Their work frequently upset the rather Blimp-like Military establishment, the ‘Castrator’, a small explosive device designed to be attached to the underside of a lavatory seat, [detonating when the unfortunate occupant sat down], was viewed with particular odium. The 140 ton burrowing tank met with more approval, [it may have been the explosive warheads that swung that]. But their most succesful invention may have had the unintended side effect, of producing a sudden spike in the birth rate.

    [Those familiar with the work of Percy Hobart, might find much of interest within the pages, including the time they nearly decapitated General DeGaulle.]

  15. Martin Tolley says:

    Eliz A
    In my day it was the bloody Tudors and Stuarts, but taught so badly I don’t recall it well. There was a veeeeery boring bloke with a beard who had a fairly odd (with my more adult understanding, probably a bit of a fetish) obsession with Mary QoS. He could have been the twin of Jeremy Corbyn.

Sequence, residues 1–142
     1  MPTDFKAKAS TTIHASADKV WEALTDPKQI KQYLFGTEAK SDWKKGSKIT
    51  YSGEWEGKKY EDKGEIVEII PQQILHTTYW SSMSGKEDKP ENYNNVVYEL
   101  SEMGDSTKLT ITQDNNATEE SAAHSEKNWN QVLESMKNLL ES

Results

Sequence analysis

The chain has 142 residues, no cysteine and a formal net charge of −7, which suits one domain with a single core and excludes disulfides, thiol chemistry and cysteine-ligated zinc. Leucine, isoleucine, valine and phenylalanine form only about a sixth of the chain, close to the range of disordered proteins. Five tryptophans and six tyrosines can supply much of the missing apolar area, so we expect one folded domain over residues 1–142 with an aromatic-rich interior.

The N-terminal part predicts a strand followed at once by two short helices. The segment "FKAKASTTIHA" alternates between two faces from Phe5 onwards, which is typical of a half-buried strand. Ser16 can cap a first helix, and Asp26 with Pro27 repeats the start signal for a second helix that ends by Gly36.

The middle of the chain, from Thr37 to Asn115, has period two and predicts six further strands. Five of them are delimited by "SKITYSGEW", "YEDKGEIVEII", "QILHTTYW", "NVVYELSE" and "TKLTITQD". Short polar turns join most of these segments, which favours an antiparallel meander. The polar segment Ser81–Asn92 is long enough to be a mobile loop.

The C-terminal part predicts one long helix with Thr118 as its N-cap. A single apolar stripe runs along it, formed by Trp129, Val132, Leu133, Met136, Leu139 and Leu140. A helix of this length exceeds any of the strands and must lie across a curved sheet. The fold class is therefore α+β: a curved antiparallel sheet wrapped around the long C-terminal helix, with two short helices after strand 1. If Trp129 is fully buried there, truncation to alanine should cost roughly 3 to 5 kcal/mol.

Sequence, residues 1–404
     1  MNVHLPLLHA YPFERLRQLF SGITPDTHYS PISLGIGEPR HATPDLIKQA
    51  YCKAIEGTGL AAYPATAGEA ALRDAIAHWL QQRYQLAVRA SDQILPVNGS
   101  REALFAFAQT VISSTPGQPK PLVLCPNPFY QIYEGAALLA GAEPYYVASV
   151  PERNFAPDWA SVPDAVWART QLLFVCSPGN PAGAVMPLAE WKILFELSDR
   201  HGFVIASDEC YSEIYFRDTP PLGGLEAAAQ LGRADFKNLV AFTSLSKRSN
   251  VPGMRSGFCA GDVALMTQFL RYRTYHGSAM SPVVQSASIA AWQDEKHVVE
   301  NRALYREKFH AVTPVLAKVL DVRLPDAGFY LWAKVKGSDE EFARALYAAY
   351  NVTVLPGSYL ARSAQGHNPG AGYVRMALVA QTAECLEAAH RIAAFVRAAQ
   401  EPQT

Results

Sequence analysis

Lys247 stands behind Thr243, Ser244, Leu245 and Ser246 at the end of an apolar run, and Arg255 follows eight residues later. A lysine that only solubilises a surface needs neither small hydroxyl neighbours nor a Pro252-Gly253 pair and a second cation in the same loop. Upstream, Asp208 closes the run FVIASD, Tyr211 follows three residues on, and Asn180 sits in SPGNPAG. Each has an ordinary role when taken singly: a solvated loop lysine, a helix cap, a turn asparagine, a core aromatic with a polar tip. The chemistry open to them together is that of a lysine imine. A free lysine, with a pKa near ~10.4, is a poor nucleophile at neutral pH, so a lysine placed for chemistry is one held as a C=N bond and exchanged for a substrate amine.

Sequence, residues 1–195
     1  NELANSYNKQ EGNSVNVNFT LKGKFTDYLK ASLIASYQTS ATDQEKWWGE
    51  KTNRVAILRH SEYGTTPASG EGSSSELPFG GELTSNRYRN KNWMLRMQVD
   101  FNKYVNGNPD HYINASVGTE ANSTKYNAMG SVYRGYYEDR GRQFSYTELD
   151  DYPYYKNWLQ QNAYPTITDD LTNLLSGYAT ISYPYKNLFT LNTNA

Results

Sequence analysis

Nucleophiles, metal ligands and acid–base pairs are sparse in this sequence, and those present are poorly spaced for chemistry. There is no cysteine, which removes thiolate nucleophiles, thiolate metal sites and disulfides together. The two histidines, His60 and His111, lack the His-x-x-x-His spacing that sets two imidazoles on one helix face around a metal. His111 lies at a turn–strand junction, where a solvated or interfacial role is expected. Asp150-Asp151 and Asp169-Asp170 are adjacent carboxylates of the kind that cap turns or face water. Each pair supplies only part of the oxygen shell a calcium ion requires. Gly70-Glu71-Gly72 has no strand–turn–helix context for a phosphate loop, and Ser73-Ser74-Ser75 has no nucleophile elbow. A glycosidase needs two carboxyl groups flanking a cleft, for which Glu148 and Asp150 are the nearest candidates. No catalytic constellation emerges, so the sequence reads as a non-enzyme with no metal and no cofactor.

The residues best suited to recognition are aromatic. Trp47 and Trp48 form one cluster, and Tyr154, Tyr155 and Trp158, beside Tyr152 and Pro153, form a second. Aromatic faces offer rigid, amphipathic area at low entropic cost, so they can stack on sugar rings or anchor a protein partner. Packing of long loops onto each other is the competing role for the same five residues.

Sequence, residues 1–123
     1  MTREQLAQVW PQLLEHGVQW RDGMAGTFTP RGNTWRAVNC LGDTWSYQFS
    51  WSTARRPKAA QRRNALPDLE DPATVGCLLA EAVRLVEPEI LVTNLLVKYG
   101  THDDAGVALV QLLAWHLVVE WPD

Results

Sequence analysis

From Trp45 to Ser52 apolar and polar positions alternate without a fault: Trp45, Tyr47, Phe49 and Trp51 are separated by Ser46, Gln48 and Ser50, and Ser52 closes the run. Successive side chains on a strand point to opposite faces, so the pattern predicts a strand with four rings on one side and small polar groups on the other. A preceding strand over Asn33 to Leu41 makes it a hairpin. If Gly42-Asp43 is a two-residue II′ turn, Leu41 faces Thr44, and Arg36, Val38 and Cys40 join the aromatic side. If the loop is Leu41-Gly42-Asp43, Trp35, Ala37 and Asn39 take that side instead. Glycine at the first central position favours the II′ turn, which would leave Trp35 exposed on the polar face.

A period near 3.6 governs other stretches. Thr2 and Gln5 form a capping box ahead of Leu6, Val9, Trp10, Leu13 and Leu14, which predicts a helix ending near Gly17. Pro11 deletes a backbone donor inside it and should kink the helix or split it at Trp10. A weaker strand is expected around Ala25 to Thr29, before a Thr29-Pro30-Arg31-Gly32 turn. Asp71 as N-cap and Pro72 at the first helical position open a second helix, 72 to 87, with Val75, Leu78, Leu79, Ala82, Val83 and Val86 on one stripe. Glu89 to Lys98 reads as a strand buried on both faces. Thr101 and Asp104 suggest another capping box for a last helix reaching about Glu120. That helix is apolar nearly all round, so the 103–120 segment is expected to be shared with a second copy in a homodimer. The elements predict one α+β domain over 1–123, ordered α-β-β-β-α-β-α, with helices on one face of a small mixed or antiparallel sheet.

16. Brooke says:

    @Peter T: Personal matters do indeed impact politics and history. It’s one reason for the Act of Settlement. Which brings us to Whig/Tory politics. From what I’ve read, both sides were well aware of the Churchill’s use of Anne to promote their fortunes and each side manipulated the situation. The backlash led to Tory victory and ultimate exile of the very rich Marlborough. One might argue that these “personal matters” hastened the rise of Parliamentary democracy and transition from executive monarchy to a very diminished role.

    It’s an important to understand how and why parliamentary and congressional institutions arose; using public funds and taxing middle and working classes to feather your own bed and those of your friends should not be tolerated in either the 17th c or the 21st.

  17. Ian Luck says: